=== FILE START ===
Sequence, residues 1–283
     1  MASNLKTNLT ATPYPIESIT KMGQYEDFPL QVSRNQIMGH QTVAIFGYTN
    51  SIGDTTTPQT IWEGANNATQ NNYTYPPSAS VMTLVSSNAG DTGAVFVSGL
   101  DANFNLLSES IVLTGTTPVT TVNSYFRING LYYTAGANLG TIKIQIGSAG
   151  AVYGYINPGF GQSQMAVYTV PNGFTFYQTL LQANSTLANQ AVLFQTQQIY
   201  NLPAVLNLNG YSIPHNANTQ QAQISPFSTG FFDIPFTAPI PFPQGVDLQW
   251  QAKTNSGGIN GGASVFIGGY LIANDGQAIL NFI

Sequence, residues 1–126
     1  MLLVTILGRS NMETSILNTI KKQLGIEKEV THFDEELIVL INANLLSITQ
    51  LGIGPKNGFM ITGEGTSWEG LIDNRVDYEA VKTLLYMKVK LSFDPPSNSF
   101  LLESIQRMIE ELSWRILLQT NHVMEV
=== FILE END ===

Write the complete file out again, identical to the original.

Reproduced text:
Sequence, residues 1–283
     1  MASNLKTNLT ATPYPIESIT KMGQYEDFPL QVSRNQIMGH QTVAIFGYTN
    51  SIGDTTTPQT IWEGANNATQ NNYTYPPSAS VMTLVSSNAG DTGAVFVSGL
   101  DANFNLLSES IVLTGTTPVT TVNSYFRING LYYTAGANLG TIKIQIGSAG
   151  AVYGYINPGF GQSQMAVYTV PNGFTFYQTL LQANSTLANQ AVLFQTQQIY
   201  NLPAVLNLNG YSIPHNANTQ QAQISPFSTG FFDIPFTAPI PFPQGVDLQW
   251  QAKTNSGGIN GGASVFIGGY LIANDGQAIL NFI

Sequence, residues 1–126
     1  MLLVTILGRS NMETSILNTI KKQLGIEKEV THFDEELIVL INANLLSITQ
    51  LGIGPKNGFM ITGEGTSWEG LIDNRVDYEA VKTLLYMKVK LSFDPPSNSF
   101  LLESIQRMIE ELSWRILLQT NHVMEV